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The Karalee Tornadoes under 10s team in their first game of the season.

The motto of the Karalee Junior Rugby League Club is more than just words. The Karalee Tornadoes walk the talk.

The club has been through two major floods – 2011 and most recently February, 2022 – during club president Amy Huckel’s tenure but each time they bounce back stronger than ever.

Huckel has fulfilled just about every role at the Tornadoes since 2010. She’s seen it all, and bounced back from it all too.

“Our club motto is ‘family, fitness and friendship’ and that is probably the reason we are so resilient,” she said.

“We are like a big family and we all stick together.

“In the floods, because our members live in a flood-affected area, we made sure our families came first. We went and cleaned their houses out if they needed it before we went down to the club. We made sure that they know we love and support them all.”

The Karalee Tornadoes under 10s team in their first game of the season.
The Karalee Tornadoes under 10s team in their first game of the season.

The club - which has won the XXXX Community Club Award for the month of May - still doesn’t have access to any of their buildings. They exist, but they don’t have power. That hasn’t stopped the Tornadoes.

“We’ve been running home games like troopers…off-grid camping style with solar panels and camping fridges,” Huckel grinned.

“That’s how we have been running the club since the floods.”

Post-floods the club had to find another playing venue for a period of time with a local soccer club helping out before Easter.

Karalee Tornadoes surrounded by floodwaters in 2011.
Karalee Tornadoes surrounded by floodwaters in 2011.

“Then the council helped us out with a different venue until our lights were fixed,” Huckel said.

“We’ve only had field lighting since Easter. We’ve had no toilets so they gave us a couple of portaloos.

“We are just making do with what we have but we are still rocking it. We just had a huge weekend of Friday, Saturday and Sunday home games.

“Friday night we used lights running off deep-cycle batteries to make it safe for everyone to see.”

Despite all these hurdles the club has grown its junior numbers from under 6s through to under 17s.

“Just this week we signed on more players, which was good because the cut-off is June 30,” Huckel said.

The club holds an Indigenous Round each year, a round that has special meaning in more ways than one.

“Indigenous Round came about because one of our life members who was a member of the Stolen Generation – Leeann Hogarth – sadly passed away unexpectedly about five years ago,” Huckel said.

“Her son Jamie has been a Tornado since he was six and is the club’s most capped player ever with more than 300 games.

“We wanted to do something in honour of her and so people knew that we were trying to close the gap. They are both part of our history, and moving forward we want everyone to know.”

As well as an Indigenous Round, the club also hold a Women in League round.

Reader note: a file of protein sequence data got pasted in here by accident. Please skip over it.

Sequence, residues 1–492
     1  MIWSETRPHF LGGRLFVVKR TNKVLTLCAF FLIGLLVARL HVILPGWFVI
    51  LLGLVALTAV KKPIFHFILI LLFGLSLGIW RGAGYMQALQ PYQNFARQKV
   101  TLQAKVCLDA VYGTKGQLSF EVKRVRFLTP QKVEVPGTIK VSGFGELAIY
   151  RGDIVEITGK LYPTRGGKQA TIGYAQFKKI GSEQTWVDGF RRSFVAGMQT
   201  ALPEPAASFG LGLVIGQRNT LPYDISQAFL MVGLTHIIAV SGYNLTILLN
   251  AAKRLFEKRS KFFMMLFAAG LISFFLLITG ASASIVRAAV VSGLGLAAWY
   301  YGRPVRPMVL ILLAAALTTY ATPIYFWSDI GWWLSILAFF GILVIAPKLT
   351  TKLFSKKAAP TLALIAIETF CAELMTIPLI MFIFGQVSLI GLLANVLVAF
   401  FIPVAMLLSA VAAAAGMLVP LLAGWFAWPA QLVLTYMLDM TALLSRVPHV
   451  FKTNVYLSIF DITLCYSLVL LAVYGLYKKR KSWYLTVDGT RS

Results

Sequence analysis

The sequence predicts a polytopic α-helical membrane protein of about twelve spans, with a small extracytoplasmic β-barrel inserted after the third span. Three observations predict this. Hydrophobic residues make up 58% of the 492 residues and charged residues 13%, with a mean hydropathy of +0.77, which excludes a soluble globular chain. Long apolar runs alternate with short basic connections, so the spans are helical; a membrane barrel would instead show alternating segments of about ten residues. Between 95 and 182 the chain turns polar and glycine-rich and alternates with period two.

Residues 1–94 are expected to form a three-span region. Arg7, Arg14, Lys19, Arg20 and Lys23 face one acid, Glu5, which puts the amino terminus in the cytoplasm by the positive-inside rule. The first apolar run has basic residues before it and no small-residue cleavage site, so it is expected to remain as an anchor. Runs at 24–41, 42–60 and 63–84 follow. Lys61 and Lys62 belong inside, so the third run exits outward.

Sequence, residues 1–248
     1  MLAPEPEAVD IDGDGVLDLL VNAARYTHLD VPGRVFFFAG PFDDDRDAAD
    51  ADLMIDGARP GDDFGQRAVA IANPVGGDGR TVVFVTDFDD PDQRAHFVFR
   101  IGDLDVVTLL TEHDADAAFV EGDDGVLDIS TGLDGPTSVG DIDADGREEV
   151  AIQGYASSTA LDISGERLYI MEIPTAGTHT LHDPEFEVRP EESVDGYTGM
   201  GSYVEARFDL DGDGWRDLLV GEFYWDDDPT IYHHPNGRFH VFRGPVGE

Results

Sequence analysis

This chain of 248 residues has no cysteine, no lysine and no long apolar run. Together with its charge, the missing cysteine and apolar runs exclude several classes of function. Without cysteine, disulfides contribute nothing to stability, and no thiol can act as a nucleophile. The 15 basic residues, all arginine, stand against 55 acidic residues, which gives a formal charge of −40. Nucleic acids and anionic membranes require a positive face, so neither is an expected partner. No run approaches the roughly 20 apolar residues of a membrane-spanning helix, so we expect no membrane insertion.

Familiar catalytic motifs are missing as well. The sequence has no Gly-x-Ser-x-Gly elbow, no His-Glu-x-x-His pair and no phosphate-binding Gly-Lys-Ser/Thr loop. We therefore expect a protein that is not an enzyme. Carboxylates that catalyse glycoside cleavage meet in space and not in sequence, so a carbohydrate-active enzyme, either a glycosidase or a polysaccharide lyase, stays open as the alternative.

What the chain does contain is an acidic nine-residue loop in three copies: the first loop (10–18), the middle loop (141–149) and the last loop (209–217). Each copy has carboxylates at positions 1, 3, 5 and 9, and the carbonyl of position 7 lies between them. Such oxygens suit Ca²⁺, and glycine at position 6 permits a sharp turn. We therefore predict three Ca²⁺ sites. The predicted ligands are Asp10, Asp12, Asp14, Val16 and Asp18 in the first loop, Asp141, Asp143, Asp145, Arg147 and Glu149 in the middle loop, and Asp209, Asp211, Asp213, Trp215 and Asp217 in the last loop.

As well as an Indigenous Round, the club also hold a Women in League round.

The club’s Indigenous Round is held on the same round as the NRL with multiple cultural activities and special events.

“We create something every round. The first year we built this bench seat and every kid in the club put their handprint on it. That is now the memorial chair for Leeann,” Huckel said.

“Every year we create something that makes Indigenous Round bigger and better.”

Karalee members are well known for helping other clubs on a regular basis.

“Every week we help wherever we can. I just went and helped do first aid for a club because they didn’t have a FAO [first aid officer] available,” Huckel said.

“We all do that. Ipswich league is just like that. Everybody helps everybody.”

The Tornadoes have been through plenty in recent times, but they prevail.

“In 2011 we were significantly flooded. The water was four metres higher than what it was this year,” Huckel said.

“We lost everything then. We built it all bigger and better, only to lose it all again this year.”

This year's flood clean-up.
This year's flood clean-up.

The flooding came up so quickly in February that the road to the club was cut-off before the Tornadoes could salvage much.

“We could only save a small portion of what we had,” Huckel said.

“Everyone pitches in. We all help each other out. We are all family and that is what our members tell us is the reason they stay.

“I know all the kids’ names in our club. I treat them like they are my own.”

Once a Tornado, always a Tornado.

“In 2011 there was a photo taken of the former president’s son Aaron McKewen. He was eight or nine at the time,” Huckel said.

“He hasn’t been at the club in a while and is in his 20s now but this year he came down to the club to help us clean up after the floods. He put his arm around another little eight-year-old and I took a photo that is nearly identical to the one back in 2011.”

Aaron McKewen in 2011.
Aaron McKewen in 2011.
Aaron McKewen and Harper Huckel in 2022 after the floods.
Aaron McKewen and Harper Huckel in 2022 after the floods.

To nominate a volunteer or club for the QRL's monthly community awards, click here.

Acknowledgement of Country

Queensland Rugby League respects and honours the Traditional Custodians of the land and pay our respects to their Elders past, present and future. We acknowledge the stories, traditions and living cultures of Aboriginal and Torres Strait Islander peoples on the lands we meet, gather and play on.

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